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When it comes to charitable giving, what makes someone decide to support a given organisation?

By David Faro 31 May 2013

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Upon my return from a recent trip, I went through the mail that had arrived in my absence. Many envelopes contained appeals for donations from political parties or religious organisations. Most came from individual charities. These appeals often featured images of those in desperate need; for example, beautiful children with wide eyes and sad faces dressed in rags standing outside shacks — or even adorable animal cubs hovering close to their mothers. The stories attached to the appeals were also focussed on individuals (even when the charity was in reality supporting a larger group).


The problem for this donor was determining which of the many organisations asking for help deserved support. Doing some online research about charities, the numbers proved staggering. In the UK, there are over 180,000 registered charities that employ an estimated 20,000 people as professional fundraisers and many tens of thousands more who volunteer to ask others to donate money. In the US, over a million non-profit organisations compete for funds.


Loosening the purse strings


David Faro, Professor of Marketing at London Business School, along with Robert W. Smith and Katherine A. Burson (from the Ross School of Business at the University of Michigan), have been examining the differences in the amount of donations depending on the nature of the appeal. It turns out that there are some strong reasons why so many solicitations focus so heavily on individuals; it’s tied to the fact that donations to large numbers of victims are typically modest relative to donations to a single identified victim.


Their study, ‘More for the Many: The Influence of Entitativity on Charitable Giving’, which will appear in the February 2013 Journal of Consumer Research, shows that people tend to donate more to large numbers of victims if these victims are perceived as comprising a single, coherent unit — the term entitative is used to connote this. For example, donations to help children in need are higher when they are shown as part of a family than when they have no explicit group membership. The authors note that the same effect is observed when it comes to donations for endangered animals that are depicted moving in unison, as part of a group.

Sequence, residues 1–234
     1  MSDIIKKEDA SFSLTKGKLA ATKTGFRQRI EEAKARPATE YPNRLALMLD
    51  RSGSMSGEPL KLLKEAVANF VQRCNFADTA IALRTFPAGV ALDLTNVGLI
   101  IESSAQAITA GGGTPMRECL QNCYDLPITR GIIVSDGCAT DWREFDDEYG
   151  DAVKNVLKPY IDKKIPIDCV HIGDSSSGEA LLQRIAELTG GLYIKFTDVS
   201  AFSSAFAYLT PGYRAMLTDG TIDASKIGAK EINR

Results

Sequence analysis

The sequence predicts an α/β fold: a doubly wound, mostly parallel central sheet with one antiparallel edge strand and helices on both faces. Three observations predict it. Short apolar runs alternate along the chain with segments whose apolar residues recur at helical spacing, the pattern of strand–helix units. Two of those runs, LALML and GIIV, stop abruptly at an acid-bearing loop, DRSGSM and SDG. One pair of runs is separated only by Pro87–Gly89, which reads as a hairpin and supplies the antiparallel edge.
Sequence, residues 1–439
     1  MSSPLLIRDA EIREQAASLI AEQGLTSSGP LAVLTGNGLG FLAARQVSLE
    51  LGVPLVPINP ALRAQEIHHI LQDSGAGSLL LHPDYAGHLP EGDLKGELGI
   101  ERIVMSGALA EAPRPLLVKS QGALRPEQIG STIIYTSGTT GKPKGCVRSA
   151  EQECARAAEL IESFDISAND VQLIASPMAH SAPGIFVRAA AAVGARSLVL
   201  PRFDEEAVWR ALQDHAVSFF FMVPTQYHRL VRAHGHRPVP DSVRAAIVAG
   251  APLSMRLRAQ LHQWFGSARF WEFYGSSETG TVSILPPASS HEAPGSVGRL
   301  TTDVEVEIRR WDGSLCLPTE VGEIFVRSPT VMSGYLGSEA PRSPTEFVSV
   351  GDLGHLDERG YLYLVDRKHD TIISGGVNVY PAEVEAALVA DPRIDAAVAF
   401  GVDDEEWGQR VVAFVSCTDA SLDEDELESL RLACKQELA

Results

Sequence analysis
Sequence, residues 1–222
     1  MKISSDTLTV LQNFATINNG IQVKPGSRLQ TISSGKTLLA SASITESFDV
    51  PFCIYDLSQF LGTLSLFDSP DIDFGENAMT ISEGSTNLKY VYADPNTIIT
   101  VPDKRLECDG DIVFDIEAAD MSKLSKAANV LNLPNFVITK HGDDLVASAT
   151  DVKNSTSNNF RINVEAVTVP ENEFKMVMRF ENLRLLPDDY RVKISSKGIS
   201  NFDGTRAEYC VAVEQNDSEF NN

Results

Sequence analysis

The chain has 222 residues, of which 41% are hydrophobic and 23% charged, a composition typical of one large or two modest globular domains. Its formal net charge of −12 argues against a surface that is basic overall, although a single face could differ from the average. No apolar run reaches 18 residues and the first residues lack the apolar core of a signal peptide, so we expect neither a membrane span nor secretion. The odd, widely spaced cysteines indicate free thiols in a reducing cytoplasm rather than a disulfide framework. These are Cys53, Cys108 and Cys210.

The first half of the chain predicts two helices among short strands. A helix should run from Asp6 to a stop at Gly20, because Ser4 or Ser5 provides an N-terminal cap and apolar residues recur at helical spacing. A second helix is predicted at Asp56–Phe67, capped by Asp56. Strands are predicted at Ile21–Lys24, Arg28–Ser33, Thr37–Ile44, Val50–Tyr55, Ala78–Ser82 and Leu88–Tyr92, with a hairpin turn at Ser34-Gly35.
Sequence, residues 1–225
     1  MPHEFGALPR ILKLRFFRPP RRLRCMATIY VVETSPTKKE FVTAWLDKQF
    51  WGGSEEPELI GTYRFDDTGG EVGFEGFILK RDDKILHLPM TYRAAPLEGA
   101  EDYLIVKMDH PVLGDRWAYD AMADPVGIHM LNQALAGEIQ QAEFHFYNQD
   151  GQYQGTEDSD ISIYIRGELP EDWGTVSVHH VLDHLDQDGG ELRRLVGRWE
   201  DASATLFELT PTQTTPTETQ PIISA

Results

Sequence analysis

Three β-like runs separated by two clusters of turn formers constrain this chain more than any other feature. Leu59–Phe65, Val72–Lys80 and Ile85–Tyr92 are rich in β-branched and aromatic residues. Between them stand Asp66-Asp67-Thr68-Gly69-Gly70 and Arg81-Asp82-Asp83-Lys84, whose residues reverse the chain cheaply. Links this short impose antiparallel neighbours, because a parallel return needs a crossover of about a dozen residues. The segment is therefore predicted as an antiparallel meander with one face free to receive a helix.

Moreover, the professors point out that perceived membership in a group (such as a family) results in donors judging them in special ways. Those in need with positive traits are viewed more favourably and trigger greater feelings of concern (and therefore higher donations), while such membership has the opposite effect for those in need who share what are perceived as negative traits.


The latter is clearly true even for large groups to which donations typically are not made on an individual basis. The authors point out that “only $25 million in donations were made to causes supporting Pakistan by Americans five weeks after the 2010 flooding compared to the $900 million in the five weeks following the 2004 Asian Tsunami.” However, even when it comes to appeals in the wake of large tragedies, individuals still do better than groups. In one research study, one group of participants read an appeal to help the millions of needy children in Africa. Another group saw a picture of a girl named Rokia and read only about her. Participants donated more to the single identified girl than to the group of needy children.